I NEED some help in locating a product to re-enamel an old white iron bath. I’ve searched the web, but no luck here in SA. – SJ, Bedford.
I remembered an item in the column a few years back, stating Mend-A-Bath in Port Elizabeth sent teams into the country to repair baths when there were sufficient customers in the area. I spoke to the still helpful Wanda at the company, and found they no longer offer this service. However, they continue to supply exactly what you are looking for – a DIY kit, at R750. It contains the same products they use in their professional refurbishing, but it does not carry the guarantee. I am sending you Wanda’s phone number.
A couple of months back you published a mixture of equal parts methylated spirits, water and ammonia, and for the life of me I cannot find the article on what this mixture was for! Perhaps it was for stains on fabric? I doubt it, with the ammonia in it. – DR, Port Elizabeth.
It is in fact for cleaning stains off carpets. There are a few variations. “MR” of Port Elizabeth uses one part ammonia, one part meths and two parts water. “PC” of Somerset West uses half a cup of water with a quarter cup each of meths and ammonia. “MN” of Port Elizabeth uses equal quantities of ammonia, white vinegar (instead of meths) and boiling water. “For small stains I use one cup of each,” she wrote. “It works like magic!”
So I suppose you could take your pick, but I would suggest a test first in an inconspicuous place, just in case.
Recently you published an item about mending a torn page in a book with egg white. My mother mentioned there was also a way of doing invisible mending with egg white, but couldn’t remember details. Do you have anything about this in your old books? – HD, East London.
In the same book, there are instructions for both invisible mending and “stitchless mending”, and “stitchless” is where the egg white comes in.
With the damaged fabric wrong side up on a flat surface, spread the area with egg white. Cover the tear with a piece of fine fabric, slightly larger than the rip, and press with a hot iron to make the egg stick. The result is said to be almost invisible if repair is done before fraying starts.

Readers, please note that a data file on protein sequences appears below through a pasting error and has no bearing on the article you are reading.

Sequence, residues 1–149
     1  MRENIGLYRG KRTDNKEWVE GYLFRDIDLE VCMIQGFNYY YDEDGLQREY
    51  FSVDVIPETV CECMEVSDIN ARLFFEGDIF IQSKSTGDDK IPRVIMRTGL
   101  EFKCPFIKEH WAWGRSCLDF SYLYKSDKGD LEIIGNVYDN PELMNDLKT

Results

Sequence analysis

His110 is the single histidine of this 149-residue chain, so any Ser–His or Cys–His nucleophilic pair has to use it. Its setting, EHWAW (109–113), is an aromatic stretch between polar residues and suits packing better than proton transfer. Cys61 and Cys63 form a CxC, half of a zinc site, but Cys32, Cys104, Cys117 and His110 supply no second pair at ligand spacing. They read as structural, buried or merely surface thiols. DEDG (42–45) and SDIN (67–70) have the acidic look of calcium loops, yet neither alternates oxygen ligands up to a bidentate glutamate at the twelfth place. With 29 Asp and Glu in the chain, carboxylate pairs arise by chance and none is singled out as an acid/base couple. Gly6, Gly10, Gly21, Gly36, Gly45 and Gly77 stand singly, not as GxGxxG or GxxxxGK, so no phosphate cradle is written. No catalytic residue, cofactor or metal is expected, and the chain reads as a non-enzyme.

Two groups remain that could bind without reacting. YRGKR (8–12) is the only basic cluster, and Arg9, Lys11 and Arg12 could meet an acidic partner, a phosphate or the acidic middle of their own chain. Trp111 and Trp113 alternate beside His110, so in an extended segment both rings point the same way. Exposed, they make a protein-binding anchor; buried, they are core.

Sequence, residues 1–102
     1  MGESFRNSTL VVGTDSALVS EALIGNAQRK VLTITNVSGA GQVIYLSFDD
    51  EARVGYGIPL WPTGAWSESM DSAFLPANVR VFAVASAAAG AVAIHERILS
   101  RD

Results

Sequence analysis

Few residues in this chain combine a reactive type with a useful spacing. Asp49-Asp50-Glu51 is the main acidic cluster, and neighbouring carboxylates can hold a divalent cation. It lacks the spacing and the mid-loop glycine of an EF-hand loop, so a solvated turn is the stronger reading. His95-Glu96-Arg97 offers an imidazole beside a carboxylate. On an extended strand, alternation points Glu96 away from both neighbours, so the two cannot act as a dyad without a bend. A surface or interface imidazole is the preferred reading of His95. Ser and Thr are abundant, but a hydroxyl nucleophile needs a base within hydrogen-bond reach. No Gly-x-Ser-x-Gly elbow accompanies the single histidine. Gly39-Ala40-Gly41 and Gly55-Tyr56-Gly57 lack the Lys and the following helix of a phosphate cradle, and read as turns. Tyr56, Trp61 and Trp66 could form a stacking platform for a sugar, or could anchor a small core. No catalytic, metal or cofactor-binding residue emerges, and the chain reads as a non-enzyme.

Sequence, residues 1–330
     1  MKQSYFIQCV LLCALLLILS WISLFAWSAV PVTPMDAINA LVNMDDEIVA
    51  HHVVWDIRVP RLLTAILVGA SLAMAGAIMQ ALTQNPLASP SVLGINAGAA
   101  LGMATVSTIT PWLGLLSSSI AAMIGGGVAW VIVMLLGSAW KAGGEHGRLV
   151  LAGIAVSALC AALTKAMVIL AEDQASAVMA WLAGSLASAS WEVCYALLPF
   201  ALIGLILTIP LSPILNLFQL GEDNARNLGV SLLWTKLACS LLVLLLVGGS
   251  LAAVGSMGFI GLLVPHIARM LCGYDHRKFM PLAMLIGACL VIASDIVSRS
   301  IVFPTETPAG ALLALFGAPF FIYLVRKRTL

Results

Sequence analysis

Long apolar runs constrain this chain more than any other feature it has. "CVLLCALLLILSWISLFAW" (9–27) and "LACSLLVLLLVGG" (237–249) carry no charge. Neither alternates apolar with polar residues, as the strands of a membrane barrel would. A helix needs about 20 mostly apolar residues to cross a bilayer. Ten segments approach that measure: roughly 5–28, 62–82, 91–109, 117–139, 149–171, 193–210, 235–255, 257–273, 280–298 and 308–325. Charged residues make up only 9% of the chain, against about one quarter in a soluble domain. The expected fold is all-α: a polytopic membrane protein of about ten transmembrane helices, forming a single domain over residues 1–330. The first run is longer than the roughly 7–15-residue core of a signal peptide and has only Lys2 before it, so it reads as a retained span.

On invisible mending – sew with a long human hair instead of cotton! This method is “…particularly effective on tweed”.
There was a request in your column for a way to tighten stretched jersey cuffs. You could buy “shirring” elastic – very thin, almost like cotton – and run a couple of rows around the inside of the cuff. – AJ, Grahamstown.
Excellent suggestion – many thanks for getting in touch.
I have discovered a beetroot stain on a white blouse. What is the best way to remove it? -– CB, Port Elizabeth.
Dampen the stain and sprinkle powdered borax onto the marks. Then stretch over a basin and pour boiling water through the stain, before laundering as usual.
I am looking for a remote for a VHS Sansui video machine, model VL-R250EI. I was given this machine, but unfortunately the remote and manual have gone missing. – Collinette, 084-754-5396.
Is there anyone who buys empty honey, marmalade and jam bottles? They have a value and need not be thrown away. – APB, (046) 622-5705
For quite a few years I have been searching for tinned plums. Does anyone know where I could get them? – Trish, e-mail firstname.lastname@example.org